November 22, 2006
Promoting effective working relationships across departmental lines, particularly those between learning and more functional or operations-based units, is one of the tasks with which senior-level executives grapple endlessly. Caryn Guinta, First Midwest Bank executive vice president and director of employee resources, has found a way to address this problem by using the company’s internal resources to develop content, which also allows her to take advantage of resulting cost efficiencies.
All First Midwest employees — about 2,100 — receive some sort of development each year, and Guinta said part of the reason the company has not exceeded its learning budget in the past 15 years is because it ventures outside its walls only to pay for vendors and learning materials if they cannot be developed in-house.
“We probably have a bigger internal training staff than some organizations, but we feel that is more cost-effective. When you start going outside to purchase training expertise and materials, it gets pretty costly,” Guinta said. “We capitalize where we can on our own internal experts. For instance, in our commercial and credit areas, I’d say that 100 percent of those courses are delivered by internal experts. We also have developed our own internal consumer lending courses, using internal expertise from both the credit and the operations side of the organization.”
Guinta said First Midwest often addresses significant business challenges with learning activity. For instance, to grow internal management talent and build strong bench strength, internal subject-matter experts have helped build a foundational management-development curriculum that has expanded alongside the company’s succession plan to incorporate a leadership academy.
“A second challenge is on our commercial relationship management or commercial sales side of the organization,” Guinta said. “Those individuals are in high demand in the financial industry. There’s not a lot of new commercial talent becoming available in the marketplace, so we have a commercial relationship management trainee program where we go out on campus and recruit, and we have a three-year training program that we put these individuals through. Some of them, it takes a full three years. Some of them, because they’re maybe on a fast track, we can develop them quicker, and this acts as a pipeline for us to be able to fill open commercial lending positions. This has been in place now for about five years. Over the last two years, we’ve really started to see the fruits of that program.”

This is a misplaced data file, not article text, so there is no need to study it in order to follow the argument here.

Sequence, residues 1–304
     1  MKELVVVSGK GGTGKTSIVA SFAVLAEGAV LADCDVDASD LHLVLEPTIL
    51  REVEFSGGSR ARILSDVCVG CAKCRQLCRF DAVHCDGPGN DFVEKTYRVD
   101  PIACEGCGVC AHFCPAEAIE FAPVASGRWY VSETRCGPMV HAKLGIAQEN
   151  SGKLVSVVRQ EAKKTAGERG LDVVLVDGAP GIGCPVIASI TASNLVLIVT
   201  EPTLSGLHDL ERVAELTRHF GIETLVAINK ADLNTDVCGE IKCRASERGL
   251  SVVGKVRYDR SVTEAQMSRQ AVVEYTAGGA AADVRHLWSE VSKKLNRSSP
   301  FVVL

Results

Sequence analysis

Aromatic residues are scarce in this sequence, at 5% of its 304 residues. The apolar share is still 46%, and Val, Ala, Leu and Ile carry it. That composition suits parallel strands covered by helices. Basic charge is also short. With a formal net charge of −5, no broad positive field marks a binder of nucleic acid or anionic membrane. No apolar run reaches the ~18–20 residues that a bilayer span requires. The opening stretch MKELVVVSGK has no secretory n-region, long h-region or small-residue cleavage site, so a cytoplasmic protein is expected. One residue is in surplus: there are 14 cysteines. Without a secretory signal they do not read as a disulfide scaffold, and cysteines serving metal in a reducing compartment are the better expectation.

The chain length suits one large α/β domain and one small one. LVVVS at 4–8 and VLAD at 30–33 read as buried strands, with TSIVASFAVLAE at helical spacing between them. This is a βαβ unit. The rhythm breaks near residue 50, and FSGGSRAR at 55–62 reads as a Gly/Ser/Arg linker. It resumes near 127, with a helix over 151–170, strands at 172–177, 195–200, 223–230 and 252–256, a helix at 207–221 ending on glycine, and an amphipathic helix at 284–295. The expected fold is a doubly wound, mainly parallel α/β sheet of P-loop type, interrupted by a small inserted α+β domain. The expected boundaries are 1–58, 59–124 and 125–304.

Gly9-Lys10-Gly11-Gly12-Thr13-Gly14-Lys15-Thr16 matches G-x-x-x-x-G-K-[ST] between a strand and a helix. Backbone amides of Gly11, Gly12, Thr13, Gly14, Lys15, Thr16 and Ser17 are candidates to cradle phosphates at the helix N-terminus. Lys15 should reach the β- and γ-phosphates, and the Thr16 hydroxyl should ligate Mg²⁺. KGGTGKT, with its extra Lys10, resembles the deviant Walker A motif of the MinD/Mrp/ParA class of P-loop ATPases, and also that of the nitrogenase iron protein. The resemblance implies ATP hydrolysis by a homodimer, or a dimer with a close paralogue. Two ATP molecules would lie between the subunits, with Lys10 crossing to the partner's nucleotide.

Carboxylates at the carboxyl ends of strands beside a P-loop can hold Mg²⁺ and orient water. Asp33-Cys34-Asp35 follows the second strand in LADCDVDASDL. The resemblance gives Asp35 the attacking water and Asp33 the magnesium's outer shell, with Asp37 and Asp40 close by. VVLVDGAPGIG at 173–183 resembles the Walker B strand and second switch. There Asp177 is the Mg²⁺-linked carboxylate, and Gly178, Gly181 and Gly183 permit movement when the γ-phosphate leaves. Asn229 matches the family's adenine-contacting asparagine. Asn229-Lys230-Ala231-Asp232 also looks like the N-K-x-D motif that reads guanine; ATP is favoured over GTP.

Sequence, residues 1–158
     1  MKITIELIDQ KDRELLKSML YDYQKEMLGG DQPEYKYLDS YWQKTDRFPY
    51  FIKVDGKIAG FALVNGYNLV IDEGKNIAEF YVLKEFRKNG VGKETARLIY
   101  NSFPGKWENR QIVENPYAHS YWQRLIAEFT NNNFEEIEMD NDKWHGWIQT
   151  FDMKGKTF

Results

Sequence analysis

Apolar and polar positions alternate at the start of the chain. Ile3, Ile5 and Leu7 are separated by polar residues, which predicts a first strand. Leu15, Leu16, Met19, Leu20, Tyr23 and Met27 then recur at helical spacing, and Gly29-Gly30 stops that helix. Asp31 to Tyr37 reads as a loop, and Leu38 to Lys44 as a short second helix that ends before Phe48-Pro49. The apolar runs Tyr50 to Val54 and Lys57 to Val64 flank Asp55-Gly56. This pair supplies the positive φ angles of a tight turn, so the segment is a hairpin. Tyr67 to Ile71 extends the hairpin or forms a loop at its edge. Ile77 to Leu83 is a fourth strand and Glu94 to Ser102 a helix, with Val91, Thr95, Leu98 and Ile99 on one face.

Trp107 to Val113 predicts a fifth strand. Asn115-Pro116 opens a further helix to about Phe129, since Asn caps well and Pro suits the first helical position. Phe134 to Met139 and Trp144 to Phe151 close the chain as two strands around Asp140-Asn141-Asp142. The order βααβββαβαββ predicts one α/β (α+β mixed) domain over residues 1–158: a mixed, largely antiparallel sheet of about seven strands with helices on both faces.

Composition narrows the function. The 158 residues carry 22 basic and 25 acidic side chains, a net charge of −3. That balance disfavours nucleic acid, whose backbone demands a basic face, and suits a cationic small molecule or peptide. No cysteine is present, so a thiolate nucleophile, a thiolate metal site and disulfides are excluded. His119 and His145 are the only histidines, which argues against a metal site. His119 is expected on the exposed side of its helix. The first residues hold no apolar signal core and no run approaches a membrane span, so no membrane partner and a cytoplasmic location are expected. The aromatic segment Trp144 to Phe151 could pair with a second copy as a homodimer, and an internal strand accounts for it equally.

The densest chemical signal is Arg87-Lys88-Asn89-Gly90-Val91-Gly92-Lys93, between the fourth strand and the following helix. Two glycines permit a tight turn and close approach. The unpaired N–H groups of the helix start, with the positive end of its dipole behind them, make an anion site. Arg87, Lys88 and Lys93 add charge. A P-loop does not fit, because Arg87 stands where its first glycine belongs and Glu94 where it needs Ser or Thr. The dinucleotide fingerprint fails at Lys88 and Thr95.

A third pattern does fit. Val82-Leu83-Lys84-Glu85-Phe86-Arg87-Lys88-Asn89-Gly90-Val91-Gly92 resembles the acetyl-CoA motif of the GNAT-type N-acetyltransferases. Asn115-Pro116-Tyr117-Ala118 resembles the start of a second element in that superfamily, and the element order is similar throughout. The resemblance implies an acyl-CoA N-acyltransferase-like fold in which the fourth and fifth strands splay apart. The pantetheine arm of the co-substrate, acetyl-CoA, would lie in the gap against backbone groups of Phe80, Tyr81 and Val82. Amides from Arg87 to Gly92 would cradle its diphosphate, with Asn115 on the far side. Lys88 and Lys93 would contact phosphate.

Since First Midwest’s leadership academy was implemented three and a half years ago, the company has been able to garner significant returns on its investment that go beyond the ability to address external, industry and marketplace demand via internal resources. Those in strategic planning have begun to work closely with the learning organization to facilitate mergers and other transformative company events, as well as to educate managers about team building, increase their exposure to varied lines and heads of business, and build leadership skills, using projects that create specific business solutions for use inside the organization.
“We just had an implementation of our brand process, and our COO stood up and talked about the value and benefits that he’s seen through the leadership academy,” Guinta said. “This last year we had a major acquisition. Eighty percent of the team that worked on the acquisition were individuals that had gone through the leadership academy last year. He said it was one of the most effective and efficient merger processes he’s managed, and he attributed it to the fact that the individuals who had gone through the leadership academy had built alliances across the organization and had the opportunity to work with individuals from other lines of business that they normally wouldn’t have had a chance to team with. Because of that, they were much more independent, more efficient and effective managing the merger process than in previous years. He also felt that the competence they’d built, their own skill sets, contributed to that.”
– Kellye Whitney, firstname.lastname@example.org